Half of Malaysian workers earn below decent wage level

Sheridan Mahavera

Workers at a coconut plantation in Perak dehusking fruits. There are fewer young people working at coconut groves as most of them migrate to cities in search of better-paying jobs to cope with rising living costs. – The Malaysian Insight pic by Hasnoor Hussain, February 23, 2019.

ONE in two working Malaysians earns less than RM2,160 a month, below the RM2,700 Putrajaya considers a decent living wage to meet the rise in costs, said Domestic Trade and Consumer Affairs Minister Saifuddin Nasution Ismail.

He told The Malaysian Insight that only half of the country’s 14.5 million workers contribute to the Employees Provident Fund (EPF), noting that 30% of the seven million contributors earn less than RM1,000 a month. 

“These worrying numbers are a challenge for the Pakatan Harapan administration as it attempts to fulfil its promise of helping Malaysians cope with the rising cost of living.

The earnings of Malaysian workers have plateaued, while the cost of living has steadily gone up. And PH took over at this very challenging time.

“When I graduated in 1987, my starting pay as an estate manager was RM1,700 a month. My daughter recently graduated, and her pay is RM2,500. So in 30 years, the rise in salaries for new graduates is just RM800.”

According to EPF data, 85% of contributors earn less than RM4,000 a month, while only 3% make more than RM10,000.

The picture is just as bleak when it comes to the EPF savings of low-income Malaysians, said Saifuddin.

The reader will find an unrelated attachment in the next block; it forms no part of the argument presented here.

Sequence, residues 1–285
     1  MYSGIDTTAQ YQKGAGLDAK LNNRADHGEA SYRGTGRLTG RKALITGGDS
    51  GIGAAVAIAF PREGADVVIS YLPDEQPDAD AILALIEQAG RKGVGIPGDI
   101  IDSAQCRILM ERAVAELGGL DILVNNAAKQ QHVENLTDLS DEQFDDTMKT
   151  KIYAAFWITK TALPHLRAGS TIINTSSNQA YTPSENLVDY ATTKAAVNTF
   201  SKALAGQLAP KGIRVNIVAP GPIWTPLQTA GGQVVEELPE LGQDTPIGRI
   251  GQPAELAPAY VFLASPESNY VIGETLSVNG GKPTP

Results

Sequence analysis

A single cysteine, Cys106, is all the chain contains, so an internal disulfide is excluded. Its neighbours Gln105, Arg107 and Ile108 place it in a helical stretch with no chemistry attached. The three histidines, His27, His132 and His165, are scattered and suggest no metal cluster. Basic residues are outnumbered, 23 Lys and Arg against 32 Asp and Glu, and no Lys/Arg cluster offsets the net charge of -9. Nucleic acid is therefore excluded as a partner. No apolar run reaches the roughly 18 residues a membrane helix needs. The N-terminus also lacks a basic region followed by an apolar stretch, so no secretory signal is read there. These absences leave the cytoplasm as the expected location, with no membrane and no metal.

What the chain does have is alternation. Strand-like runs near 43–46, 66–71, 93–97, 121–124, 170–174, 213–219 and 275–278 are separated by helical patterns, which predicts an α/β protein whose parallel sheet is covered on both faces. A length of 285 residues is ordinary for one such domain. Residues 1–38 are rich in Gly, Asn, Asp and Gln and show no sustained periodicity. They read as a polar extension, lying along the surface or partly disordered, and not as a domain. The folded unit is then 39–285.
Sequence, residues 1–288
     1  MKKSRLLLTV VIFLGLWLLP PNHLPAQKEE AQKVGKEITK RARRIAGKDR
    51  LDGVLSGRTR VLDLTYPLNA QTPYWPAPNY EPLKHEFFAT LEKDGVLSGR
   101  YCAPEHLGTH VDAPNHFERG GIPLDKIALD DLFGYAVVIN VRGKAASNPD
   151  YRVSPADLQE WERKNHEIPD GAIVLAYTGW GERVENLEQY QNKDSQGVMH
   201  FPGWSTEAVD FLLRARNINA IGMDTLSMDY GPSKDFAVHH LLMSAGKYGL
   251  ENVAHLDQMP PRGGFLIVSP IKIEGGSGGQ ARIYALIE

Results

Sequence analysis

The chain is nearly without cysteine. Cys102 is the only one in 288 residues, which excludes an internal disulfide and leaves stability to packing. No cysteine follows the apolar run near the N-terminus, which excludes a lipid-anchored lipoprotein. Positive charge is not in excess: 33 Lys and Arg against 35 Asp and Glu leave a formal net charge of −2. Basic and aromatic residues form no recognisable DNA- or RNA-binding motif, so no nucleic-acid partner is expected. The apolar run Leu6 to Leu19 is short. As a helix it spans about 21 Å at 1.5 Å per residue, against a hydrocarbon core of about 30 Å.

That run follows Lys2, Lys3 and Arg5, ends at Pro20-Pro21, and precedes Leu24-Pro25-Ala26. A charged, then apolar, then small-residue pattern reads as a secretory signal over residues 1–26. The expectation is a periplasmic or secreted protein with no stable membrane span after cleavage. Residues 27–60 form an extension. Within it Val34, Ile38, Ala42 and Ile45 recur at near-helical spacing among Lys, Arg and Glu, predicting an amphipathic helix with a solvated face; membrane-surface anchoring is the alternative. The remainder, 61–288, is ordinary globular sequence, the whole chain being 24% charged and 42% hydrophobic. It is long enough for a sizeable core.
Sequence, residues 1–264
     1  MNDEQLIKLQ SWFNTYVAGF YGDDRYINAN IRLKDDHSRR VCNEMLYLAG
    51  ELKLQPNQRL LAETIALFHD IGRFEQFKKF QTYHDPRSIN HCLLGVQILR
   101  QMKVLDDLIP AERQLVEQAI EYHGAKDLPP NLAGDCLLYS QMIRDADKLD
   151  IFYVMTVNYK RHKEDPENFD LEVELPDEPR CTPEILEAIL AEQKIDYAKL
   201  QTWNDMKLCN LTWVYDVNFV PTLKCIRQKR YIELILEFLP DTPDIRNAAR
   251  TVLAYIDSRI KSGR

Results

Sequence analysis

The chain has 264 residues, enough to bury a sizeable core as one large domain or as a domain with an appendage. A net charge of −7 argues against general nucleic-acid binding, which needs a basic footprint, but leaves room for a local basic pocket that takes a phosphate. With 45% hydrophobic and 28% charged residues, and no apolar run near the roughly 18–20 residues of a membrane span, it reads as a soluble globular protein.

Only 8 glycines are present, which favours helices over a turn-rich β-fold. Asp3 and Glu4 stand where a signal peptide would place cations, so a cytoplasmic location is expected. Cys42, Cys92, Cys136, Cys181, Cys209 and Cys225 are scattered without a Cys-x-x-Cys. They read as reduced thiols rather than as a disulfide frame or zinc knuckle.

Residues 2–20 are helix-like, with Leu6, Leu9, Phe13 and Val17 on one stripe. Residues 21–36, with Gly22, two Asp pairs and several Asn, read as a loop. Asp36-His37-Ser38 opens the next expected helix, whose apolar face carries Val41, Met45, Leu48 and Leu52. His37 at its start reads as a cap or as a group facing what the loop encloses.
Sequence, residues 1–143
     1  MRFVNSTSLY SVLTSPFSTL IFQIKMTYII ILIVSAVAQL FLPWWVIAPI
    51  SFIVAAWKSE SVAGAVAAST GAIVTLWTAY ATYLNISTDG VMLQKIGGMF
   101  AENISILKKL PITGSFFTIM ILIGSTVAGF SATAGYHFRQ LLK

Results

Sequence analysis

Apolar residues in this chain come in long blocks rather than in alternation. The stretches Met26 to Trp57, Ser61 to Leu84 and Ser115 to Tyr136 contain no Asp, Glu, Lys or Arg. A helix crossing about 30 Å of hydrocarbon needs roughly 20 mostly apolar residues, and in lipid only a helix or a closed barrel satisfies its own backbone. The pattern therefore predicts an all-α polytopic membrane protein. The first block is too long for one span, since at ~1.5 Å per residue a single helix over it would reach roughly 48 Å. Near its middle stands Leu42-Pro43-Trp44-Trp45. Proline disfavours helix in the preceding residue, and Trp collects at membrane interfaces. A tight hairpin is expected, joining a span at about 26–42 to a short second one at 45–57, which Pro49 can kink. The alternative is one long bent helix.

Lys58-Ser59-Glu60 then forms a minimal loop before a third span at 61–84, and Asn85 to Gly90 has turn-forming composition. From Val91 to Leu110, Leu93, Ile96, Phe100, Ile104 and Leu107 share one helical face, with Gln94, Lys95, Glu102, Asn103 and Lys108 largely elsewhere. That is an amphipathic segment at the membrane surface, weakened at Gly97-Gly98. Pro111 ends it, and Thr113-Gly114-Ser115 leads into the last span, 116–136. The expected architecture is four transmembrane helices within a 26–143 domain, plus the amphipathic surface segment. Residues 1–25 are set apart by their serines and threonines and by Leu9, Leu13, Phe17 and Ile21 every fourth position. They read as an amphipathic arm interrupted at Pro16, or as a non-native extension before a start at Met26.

Only half of Malaysian workers contribute to EPF. And about 70% of these contributors have savings that will not last for more than five years when they reach 55 – the age when they can take out their accumulated deposits.

This means EPF depositors who cash out at 55 have enough money to last them only till 60. The average lifespan of Malaysians is 79 due to better standards of medical care.

Domestic Trade and Consumer Affairs Minister Saifuddin Nasution Ismail says wages have not increased in tandem with the rise in the cost of living. – The Malaysian Insight pic by Kamal Ariffin, February 23, 2019.

Saifuddin said the strain of providing for these retirees will only increase, as by 2030, the number of active Malaysian workers contributing to the economy and the government’s coffers will be lower than those who are no longer productive.

“Tackling these issues will require wide-scale structural reforms to the country’s economy, which has, for decades, been dependent on cheap foreign labour.”

Experts have stated that such dependence on low-salaried foreign labour has depressed wages for Malaysians, he said.

“This is why PH’s promise of raising the minimum wage is very important,” said Saifuddin, referring to the RM1,500 that the coalition pledged in its election manifesto.

However, after much debate and consultation with stakeholders, an increase of RM100 to RM1,100 was announced in Budget 2019.

Besides the minimum wage, the government is also focusing on long- and short-term measures to increase incomes and reduce the cost of living.

The long-term measures include reducing the number of foreign workers and increasing social protections, such as affordable medical care and the EPF scheme for housewives.

Saifuddin’s ministry is focused on short-term initiatives, such as expanding the list of year-round price-controlled items and giving out targeted petrol subsidies.

“The long-term structural problems require a holistic approach to tackle, and we cannot work in silos.” – February 23, 2019.

The families of lumber workers seen in Keningau, Sabah. By 2030, the number of workers contributing to the economy will be lower than those who are no longer productive. – The Malaysian Insight pic by Irwan Majid, February 23, 2019.

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